The night the McGuire sisters were born, Mr. McGuire entered the Green River church, got down on his knees and thanked the Good Lord above for his generous blessing. On more than one occasion since, Mr. McGuire had stated over a cool beer at Henry’s that the Lord's generosity would someday put him in an early grave.
Madeline and Maura McGuire were not just twins, they were identical twins. Timing was the only difference that stood between the girls with Madeline being born two-and-one-half minutes before her sister, which Madeline insisted made her more grown-up and sophisticated.
Being spitting images, the girls found it great fun to play tricks on town folk by switching identities. Even their parents had difficulty at times telling their daughters apart. But as the young ladies matured and gave up baby dolls for beaus, having individuality in the eyes of young men became more important. It was noted during this time of transition to womanhood that Mr. McGuire’s telling tales of blessings and early graves stepped up in frequency at Henry’s.
The sisters remedied the awkward confusion by wearing engraved lockets of identification. Now a young man needed only downward cast eyes to read the girl’s name while admiring her blossoming landscape.
Shortly before the McGuire twins’ ingenuity with their signature accessories came about, the Lancer boys stepped off a stagecoach and began the journey from strangers to brothers. Word spread quickly at the Green River dress shop regarding the arrival of Murdoch Lancer’s handsome sons, making them prime targets for Madeline and Maura’s attentive adoration at social gatherings.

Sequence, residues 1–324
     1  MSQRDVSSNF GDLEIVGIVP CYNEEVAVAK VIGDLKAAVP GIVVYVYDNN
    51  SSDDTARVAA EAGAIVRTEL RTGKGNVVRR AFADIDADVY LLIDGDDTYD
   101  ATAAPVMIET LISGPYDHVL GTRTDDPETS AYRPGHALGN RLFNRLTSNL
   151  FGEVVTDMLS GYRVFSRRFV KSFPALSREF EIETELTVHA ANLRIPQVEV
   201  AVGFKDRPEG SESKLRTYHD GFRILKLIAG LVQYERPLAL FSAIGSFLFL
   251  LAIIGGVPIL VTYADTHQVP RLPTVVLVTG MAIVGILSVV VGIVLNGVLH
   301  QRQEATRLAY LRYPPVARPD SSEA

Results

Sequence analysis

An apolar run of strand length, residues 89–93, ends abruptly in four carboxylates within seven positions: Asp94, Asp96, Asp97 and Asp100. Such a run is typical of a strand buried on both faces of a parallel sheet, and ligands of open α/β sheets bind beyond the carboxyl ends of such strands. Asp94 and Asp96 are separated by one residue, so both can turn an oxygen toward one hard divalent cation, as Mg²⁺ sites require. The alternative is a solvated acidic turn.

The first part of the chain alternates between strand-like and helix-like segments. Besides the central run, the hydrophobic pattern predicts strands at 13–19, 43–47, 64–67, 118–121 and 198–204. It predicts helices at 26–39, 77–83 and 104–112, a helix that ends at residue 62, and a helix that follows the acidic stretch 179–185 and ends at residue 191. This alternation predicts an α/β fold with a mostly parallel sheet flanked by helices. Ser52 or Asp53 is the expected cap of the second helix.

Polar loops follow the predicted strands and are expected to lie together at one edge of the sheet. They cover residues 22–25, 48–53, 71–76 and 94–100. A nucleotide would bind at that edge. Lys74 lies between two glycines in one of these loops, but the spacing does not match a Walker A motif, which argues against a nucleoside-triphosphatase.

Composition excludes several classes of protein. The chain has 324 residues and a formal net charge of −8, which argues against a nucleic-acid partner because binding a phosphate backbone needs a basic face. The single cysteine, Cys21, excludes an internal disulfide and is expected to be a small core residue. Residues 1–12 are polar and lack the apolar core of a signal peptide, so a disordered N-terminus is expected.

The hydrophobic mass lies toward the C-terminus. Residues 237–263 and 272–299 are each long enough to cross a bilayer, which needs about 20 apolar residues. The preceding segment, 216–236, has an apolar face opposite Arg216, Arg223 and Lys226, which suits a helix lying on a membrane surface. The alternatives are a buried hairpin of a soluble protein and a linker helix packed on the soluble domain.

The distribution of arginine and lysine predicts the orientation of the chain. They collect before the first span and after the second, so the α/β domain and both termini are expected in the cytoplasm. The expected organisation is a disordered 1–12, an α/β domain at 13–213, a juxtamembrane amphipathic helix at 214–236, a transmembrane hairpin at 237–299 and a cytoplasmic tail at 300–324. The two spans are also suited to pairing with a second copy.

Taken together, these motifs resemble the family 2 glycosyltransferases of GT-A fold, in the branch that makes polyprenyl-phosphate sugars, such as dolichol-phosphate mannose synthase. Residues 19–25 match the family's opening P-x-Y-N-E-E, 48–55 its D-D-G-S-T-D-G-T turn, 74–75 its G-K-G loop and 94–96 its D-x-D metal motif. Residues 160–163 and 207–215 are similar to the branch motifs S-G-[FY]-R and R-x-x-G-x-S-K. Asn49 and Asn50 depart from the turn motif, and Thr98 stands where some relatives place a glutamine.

Fun but flighty kindly summed up Scott’s first impression regarding the McGuire twins. He found their personalities not so different from some of the young debutants he’d socialized with in the past. Scott had to admit, distinguishing the difference between the girls presented a maddening challenge, so he simply relied upon the proper etiquette greeting of Miss McGuire. Problem solved.
Johnny’s opinion was more direct.
Those two little chirpin’ magpies are amusin’ but I’ll be damned if I can tell one from the other. Not that it matters all that much when a fella stops and thinks about it.
And it was Johnny who, at the Annual Green River Town Hall Dance, discovered the girls’ eventual fix for any beau’s befuddlement.
Scott, I have the McGuire twins all figured out. Each girl’s wearin’ a locket with her name on it so a fella can tell ‘em apart. You have to look close to read the name and well, a man’s eyes just naturally drift down. And my brother, that view has certainly improved since the first time we saw the McGuire twins.
As time passed, Scott grew fond of the two young ladies and their adventurous spirit, but never considered either sister for a more serious relationship. Luckily, with regards to commitments, the twins’ attitudes concurred.
Kinsey, on the other hand, viewed the McGuires’ behaviors less as adventurous and more brazen and insolent, which Scott found rather funny considering Murdoch used those same words whenever butting heads with the auburn-haired, independent-thinking little Aussie. Kinsey ultimately shortened her description of Madeline and Maura to simply hussies. It saved time when dismissing the twins from any discussion regarding the young ladies.